Mini Review

Redox control of vascular smooth muscle cell function and plasticity

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Vascular smooth muscle cells (SMC) play a major role in vascular diseases, such as atherosclerosis and hypertension. It has long been established in vitro that contractile SMC can phenotypically switch to function as proliferative and/or migratory cells in response to stimulation by oxidative stress, growth factors, and inflammatory cytokines. Reactive oxygen species (ROS) are oxidative stressors implicated in driving vascular diseases, shifting cell bioenergetics, and increasing SMC proliferation, migration, and apoptosis. In this review, we summarize our current knowledge of how disruptions to redox balance can functionally change SMC and how this may influence vascular disease pathogenesis. Specifically, we focus on our current understanding of the role of vascular nicotinamide adenine dinucleotide phosphate (NADPH) oxidases (NOX) 1, 4, and 5 in SMC function. We also review the evidence implicating mitochondrial fission in SMC phenotypic transitions and mitochondrial fusion in maintenance of SMC homeostasis. Finally, we discuss the importance of the redox regulation of the soluble guanylate cyclase (sGC)-cyclic guanosine monophosphate (cGMP)-protein kinase G (PKG) pathway as a potential oxidative and therapeutic target for regulating SMC function.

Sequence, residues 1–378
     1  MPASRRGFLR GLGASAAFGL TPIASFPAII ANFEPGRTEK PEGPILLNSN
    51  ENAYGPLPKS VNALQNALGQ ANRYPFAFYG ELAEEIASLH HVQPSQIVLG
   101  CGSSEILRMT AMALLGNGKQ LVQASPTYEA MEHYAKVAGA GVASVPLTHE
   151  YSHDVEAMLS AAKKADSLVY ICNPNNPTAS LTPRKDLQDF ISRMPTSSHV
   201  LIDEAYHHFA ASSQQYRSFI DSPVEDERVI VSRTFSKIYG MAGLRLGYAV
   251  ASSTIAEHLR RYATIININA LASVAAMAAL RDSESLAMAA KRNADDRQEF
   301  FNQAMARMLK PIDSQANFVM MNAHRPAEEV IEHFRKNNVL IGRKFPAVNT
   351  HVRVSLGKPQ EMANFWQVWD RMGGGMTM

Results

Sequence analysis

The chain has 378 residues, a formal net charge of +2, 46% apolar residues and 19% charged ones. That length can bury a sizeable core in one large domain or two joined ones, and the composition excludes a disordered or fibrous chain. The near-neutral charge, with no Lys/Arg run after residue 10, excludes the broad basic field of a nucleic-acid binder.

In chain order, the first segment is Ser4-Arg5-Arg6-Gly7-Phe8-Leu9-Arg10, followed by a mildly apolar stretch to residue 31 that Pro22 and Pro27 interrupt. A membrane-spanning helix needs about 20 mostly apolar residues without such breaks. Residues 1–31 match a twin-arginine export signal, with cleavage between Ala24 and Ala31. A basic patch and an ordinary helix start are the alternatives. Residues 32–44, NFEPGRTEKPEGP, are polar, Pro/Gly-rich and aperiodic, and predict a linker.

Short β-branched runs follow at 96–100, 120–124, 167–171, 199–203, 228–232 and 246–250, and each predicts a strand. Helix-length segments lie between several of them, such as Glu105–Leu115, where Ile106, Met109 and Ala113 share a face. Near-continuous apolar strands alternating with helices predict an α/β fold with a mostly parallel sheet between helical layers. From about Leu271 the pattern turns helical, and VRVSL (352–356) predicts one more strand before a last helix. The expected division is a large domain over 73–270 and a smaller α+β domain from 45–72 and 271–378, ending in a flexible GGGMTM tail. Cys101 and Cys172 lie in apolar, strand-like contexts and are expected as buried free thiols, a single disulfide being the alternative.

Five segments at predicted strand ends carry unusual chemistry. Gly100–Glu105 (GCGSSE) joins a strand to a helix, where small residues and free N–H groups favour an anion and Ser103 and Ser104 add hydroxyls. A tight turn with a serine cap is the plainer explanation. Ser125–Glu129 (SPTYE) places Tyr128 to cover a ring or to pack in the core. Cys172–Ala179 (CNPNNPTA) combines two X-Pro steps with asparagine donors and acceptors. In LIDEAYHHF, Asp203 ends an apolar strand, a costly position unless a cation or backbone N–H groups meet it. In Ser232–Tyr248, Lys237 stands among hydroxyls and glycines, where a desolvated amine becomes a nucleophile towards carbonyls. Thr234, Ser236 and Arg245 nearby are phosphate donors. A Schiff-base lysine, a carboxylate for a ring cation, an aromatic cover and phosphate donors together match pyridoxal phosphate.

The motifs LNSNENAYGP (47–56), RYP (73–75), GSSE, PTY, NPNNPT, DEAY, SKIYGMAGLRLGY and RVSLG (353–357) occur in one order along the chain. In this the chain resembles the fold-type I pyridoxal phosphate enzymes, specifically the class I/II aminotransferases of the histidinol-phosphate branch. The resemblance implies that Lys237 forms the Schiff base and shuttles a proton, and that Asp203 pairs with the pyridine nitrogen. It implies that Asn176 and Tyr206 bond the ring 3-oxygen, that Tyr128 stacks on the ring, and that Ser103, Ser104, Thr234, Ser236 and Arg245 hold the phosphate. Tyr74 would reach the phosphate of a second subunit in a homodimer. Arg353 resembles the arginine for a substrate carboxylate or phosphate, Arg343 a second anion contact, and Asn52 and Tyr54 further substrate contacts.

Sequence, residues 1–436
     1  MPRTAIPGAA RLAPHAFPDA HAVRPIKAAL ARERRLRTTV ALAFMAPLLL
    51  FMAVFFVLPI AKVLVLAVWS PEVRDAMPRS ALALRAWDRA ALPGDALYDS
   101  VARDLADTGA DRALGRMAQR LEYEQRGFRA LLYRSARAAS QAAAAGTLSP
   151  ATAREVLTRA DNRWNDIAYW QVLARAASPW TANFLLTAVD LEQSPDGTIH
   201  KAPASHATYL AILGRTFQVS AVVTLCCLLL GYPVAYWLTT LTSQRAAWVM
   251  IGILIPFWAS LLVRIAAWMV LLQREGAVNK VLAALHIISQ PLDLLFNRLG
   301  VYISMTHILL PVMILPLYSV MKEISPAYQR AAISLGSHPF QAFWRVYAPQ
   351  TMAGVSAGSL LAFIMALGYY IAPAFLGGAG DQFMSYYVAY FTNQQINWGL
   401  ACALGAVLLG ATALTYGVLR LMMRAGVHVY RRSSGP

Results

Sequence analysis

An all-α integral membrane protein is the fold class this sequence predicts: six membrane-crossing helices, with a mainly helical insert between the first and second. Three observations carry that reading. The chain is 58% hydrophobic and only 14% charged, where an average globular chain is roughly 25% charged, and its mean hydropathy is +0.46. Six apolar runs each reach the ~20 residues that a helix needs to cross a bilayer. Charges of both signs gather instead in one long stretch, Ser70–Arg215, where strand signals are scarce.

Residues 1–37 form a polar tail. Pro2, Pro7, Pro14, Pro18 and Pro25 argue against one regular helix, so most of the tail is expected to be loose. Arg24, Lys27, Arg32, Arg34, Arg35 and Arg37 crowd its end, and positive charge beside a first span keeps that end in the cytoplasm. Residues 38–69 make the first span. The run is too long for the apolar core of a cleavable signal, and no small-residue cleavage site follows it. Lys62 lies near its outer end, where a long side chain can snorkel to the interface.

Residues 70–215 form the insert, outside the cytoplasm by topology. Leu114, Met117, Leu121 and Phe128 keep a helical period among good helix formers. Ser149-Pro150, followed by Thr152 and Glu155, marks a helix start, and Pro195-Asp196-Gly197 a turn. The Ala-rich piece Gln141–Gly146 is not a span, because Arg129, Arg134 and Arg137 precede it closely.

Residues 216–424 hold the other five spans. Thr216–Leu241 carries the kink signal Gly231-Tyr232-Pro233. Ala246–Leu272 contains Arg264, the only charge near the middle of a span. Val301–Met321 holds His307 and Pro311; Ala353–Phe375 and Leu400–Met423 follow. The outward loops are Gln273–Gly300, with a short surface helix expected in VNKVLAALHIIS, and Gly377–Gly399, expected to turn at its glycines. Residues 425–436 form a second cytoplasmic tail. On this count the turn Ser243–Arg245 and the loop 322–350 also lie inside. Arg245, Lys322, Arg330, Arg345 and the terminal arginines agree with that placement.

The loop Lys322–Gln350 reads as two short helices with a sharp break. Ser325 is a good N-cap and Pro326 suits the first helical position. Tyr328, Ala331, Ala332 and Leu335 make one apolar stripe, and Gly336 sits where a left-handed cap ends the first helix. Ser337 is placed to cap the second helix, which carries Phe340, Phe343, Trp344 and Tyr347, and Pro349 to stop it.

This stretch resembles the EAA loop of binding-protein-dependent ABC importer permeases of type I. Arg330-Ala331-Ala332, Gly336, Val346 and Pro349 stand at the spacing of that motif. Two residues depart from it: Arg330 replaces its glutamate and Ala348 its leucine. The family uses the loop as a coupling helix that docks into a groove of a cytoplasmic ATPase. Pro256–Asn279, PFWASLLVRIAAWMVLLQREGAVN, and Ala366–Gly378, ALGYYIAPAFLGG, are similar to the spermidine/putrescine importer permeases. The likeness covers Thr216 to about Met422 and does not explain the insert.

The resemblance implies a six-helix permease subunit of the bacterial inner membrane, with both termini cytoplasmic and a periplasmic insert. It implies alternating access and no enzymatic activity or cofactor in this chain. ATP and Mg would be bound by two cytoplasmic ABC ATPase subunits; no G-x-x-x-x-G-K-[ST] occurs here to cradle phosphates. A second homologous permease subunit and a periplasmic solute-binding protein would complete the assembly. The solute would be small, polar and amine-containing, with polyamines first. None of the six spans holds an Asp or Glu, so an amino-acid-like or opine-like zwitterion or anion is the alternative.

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Financial support was provided by the National Institutes of Health Grants R01 HL 133864, R01 HL 128304, American Heart Association (AHA) Grant-in-Aid 16GRNT27250146 (ACS). This work was further supported by the Institute for Transfusion Medicine and the Hemophilia Center of Western Pennsylvania (ACS). We would like to acknowledge the contributions of Katherine C. Wood and Joseph C. Galley for their aid in critical analysis of the manuscript.

Author information


  1. Heart, Lung, Blood and Vascular Medicine Institute, University of Pittsburgh, Pittsburgh, PA, USA

    • Brittany G. Durgin
    •  & Adam C. Straub
  2. Department of Pharmacology and Chemical Biology, University of Pittsburgh, Pittsburgh, PA, USA

    • Adam C. Straub


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Conflict of interest

The authors declare that they have no conflict of interest.

Corresponding author

Correspondence to Adam C. Straub.